Finally, the fourth building. This building is where I've really rocked the last two years. It's probably due to the fact that I've gotten warmed up, most of the stairs are a single straight-away (no pausing to constantly change direction on divided stairways), and this stairwell is located on the outer edge of the building (rather on the interior), so it's much cooler. Case in point, I climbed the 28 flights in 5:30 (2:17 minutes faster than the 32 flights of the third building).
All of us on the elevator down were talking about how difficult the third building had been. Conquering that third building felt pretty incredible,though. If this was an easy challenge, everyone would be doing it. And it wouldn't mean as much for having climbed it.
The volunteers really make you feel like an Olympic athlete. As we left the elevator, we were greeted by a continuous row of people clapping, cheering, and high-5'ing us as we made our way back to party central. We were given our medals and some received Alumni pins. All of us were handed towels, and all of us gladly used them to wipe off our sweaty faces. My finish time on my watch said 20:45, and I was satisfied with that. I had climbed the three buildings in 13:58 (2013) and 12:43 (2014), and I knew my time would reflect the fourth building this year.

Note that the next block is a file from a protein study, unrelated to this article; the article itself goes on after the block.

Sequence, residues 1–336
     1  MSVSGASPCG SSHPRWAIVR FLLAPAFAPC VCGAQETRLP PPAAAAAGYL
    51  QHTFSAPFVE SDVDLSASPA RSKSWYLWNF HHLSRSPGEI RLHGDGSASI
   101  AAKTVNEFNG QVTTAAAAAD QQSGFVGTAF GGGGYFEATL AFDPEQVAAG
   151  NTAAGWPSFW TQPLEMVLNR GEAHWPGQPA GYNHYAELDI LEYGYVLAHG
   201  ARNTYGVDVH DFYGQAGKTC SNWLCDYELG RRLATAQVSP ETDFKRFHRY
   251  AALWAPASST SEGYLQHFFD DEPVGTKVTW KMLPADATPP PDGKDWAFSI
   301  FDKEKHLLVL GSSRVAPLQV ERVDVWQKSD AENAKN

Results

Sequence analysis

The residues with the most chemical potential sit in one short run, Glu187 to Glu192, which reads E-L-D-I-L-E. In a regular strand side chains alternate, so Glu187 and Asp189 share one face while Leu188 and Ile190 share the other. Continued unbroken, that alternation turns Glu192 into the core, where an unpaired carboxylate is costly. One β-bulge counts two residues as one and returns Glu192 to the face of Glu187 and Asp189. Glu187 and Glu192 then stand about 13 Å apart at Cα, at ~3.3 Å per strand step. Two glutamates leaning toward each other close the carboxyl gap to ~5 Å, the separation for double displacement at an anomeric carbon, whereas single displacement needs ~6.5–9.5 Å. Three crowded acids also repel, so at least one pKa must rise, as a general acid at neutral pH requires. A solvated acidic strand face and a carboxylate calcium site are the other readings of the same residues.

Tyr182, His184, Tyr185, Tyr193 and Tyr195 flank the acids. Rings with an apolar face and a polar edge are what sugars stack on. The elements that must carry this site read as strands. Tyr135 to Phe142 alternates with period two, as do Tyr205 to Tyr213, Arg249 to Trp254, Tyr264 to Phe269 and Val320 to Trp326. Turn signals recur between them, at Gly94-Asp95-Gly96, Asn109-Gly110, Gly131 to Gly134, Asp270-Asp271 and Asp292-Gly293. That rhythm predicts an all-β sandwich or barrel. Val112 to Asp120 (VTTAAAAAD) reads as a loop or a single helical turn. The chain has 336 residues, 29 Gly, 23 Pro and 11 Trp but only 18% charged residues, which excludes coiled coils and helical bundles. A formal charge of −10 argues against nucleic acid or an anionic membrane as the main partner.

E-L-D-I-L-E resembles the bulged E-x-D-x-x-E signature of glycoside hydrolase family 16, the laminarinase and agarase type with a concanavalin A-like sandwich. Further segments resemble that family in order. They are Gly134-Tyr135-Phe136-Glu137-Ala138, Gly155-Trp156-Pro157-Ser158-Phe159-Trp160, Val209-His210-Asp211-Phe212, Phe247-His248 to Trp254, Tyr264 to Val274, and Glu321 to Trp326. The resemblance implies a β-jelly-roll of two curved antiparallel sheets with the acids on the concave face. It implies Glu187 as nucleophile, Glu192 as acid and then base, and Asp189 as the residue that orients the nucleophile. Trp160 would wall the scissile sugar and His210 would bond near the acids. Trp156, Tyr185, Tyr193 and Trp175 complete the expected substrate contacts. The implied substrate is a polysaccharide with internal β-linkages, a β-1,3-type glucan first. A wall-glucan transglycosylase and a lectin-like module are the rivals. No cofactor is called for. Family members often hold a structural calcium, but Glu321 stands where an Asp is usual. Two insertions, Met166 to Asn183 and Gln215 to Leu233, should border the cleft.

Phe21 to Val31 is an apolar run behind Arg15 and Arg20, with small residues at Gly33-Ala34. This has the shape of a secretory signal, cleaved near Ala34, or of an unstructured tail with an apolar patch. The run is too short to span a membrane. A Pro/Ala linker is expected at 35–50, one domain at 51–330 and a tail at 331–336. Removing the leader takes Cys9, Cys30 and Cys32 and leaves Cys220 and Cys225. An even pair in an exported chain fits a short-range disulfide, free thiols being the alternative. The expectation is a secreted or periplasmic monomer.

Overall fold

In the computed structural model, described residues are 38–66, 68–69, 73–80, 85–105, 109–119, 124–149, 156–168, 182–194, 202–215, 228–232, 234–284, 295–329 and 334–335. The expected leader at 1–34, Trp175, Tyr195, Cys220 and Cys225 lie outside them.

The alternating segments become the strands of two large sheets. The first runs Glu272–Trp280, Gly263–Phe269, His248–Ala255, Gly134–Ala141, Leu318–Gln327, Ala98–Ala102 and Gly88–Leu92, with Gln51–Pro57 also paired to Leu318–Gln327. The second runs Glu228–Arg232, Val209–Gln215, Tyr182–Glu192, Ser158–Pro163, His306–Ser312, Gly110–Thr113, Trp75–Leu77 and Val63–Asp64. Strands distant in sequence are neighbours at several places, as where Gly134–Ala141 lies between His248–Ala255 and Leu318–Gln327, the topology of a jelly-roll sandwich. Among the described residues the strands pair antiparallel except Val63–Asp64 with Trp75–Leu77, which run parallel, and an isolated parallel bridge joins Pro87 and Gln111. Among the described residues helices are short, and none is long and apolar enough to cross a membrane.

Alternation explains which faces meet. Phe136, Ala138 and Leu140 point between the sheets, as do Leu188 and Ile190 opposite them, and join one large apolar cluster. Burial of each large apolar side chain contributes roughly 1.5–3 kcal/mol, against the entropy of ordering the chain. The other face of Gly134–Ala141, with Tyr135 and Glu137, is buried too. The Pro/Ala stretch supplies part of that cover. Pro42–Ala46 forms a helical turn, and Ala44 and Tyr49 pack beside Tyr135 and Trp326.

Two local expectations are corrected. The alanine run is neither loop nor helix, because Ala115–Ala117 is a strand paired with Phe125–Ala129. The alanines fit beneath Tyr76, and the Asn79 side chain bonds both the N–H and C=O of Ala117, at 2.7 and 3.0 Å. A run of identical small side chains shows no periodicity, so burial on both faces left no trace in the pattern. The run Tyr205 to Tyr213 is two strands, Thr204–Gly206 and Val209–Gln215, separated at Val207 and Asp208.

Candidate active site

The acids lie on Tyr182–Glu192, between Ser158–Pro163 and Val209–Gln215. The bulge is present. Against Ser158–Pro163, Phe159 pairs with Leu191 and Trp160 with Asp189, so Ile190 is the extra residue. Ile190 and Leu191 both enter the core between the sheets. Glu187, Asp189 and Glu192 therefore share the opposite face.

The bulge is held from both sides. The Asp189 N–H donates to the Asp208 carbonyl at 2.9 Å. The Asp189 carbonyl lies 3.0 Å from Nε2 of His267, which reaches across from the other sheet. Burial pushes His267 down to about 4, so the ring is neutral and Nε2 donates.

|Nothing like a husband photo-bombing you|
I met back up with the family, and grabbed some water. As we were heading out, I stopped by the results table, and got my printout. It wasn't until we were in the car, driving away, that I realized my official time was 20:26! Subtracting out the 7:30 from the third building actually gave me a time of 12:39...which was faster than last year! Had I figured that out before leaving the premises, I could have gotten an "I Beat My Time" ribbon. Oh well. The satisfaction in knowing I have climbed faster every year is good enough.